Thursday, January 9, 2014

CES 2014 Focuses on Internet-Connected "Things"

The International Consumer Electronics Show comes to Las Vegas this week, and as usual starts the year off by defining the theme of the consumer market in electronics for 2014.  After the past few years of smartphones, tablets, and ultralight portable laptop computers, this year's focus is both more streamlined and simple, and potentially more all-encompassing and game-changing.  

2014 is the year where everything you use and buy begins to be internet connected.  Pundits call it "the internet of things". The last few years we have seen the connected "smart home", where home security, a/c and heating, power usage and video surveillance all come under the control of internet and smartphone apps.  That spirit has taken hold and soon everything from sports and fitness equipment to home appliances and light bulbs will be connected to the internet.

Hunter Communications Original News Source:
Los Angeles Times

Link to article:

Excerpt: "Gadget by gadget, people are coming to expect that even the most common things will be more useful when they are connected. Pets. Livestock. Sports equipment. Watches. Power meters. Light bulbs. Washing machines. Thermostats. If you can think of it, someone has probably stuck a sensor on it and connected it to the Internet.

'I think a lot of this is going to start with the smart home,' said Kelly Davis-Felner, a representative of the Wi-Fi Alliance, whose members have played a key role in enabling this connected world. 'The smart home is going to be built brick by brick until 10 years from now we're going to be looking back and saying, "Wow, I can't believe there used to be a time when everything wasn't connected.'"

This type of connectivity is already widely embraced by businesses, which use sensors to wirelessly track supplies, packages and the performance of machinery. But big drops in the cost of computer memory and sensors, coupled with dramatic improvements in battery life, are pushing the spread of connected devices to consumers.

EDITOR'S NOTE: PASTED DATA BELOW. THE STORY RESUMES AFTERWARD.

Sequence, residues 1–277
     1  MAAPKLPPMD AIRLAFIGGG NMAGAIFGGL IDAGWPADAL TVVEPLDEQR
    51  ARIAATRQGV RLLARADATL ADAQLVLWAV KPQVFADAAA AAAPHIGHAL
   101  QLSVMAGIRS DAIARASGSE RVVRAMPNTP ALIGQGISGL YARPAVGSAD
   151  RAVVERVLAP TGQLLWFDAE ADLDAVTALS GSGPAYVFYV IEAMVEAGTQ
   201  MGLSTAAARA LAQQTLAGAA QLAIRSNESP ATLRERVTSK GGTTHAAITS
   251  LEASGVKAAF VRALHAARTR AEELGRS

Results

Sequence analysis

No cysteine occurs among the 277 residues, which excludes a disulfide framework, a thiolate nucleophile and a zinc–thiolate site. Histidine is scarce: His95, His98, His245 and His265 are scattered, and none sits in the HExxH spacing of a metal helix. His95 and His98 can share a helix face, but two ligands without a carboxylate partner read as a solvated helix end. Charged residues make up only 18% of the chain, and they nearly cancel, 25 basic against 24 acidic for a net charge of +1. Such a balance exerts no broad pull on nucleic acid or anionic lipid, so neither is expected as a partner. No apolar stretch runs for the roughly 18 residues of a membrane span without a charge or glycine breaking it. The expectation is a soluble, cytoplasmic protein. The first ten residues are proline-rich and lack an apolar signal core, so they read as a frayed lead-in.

'We're seeing an acceleration of uses with the consumer Internet of things,' said Patrick Moorhead, principal analyst for Moor Insights & Strategy. 'You could have done many of these things before. But the battery life might have been one hour. Now it lasts a week.'

Thanks to the mobile computing revolution, these connected devices don't need big computer screens and buttons to be useful. And they never need to be plugged into a desktop computer to be synced. Smartphones and tablets increasingly serve as the dashboards to control them.

For instance, a Fitbit wristband that tracks the user's physical activity and calorie intake needs only a tiny LED screen. The information is beamed to a smartphone app, where it can be stored, processed and tracked.

'On many of these devices, sensors pull off the unique information and feed them to your smartphone,' said Shawn DuBravac, chief economist and director of research for the Consumer Electronics Assn., the trade group that runs CES. 'These devices don't need to be computers by themselves.'

There is no single killer app driving this adoption. Many of the devices have only a single purpose or function, which, given their low cost, seems to be fine with consumers.

Connectivity has also become laden with tremendous hype created by a consumer electronics industry that needs to continuously find new gadgets to sell. Many of the industry mainstays, such as televisions, PCs and even smartphones and tablets, are seeing their growth slow or sales decline as it becomes harder to produce breakthroughs that inspire people to replace older devices.

As a whole, connected gadgets are being marketed as devices that will help consumers lead healthier, happier and safer lives. Smart homes will use less energy. Connected cars will prevent accidents and be more fuel efficient. Wearable computers will help users stay fit and improve their moods, proponents say."

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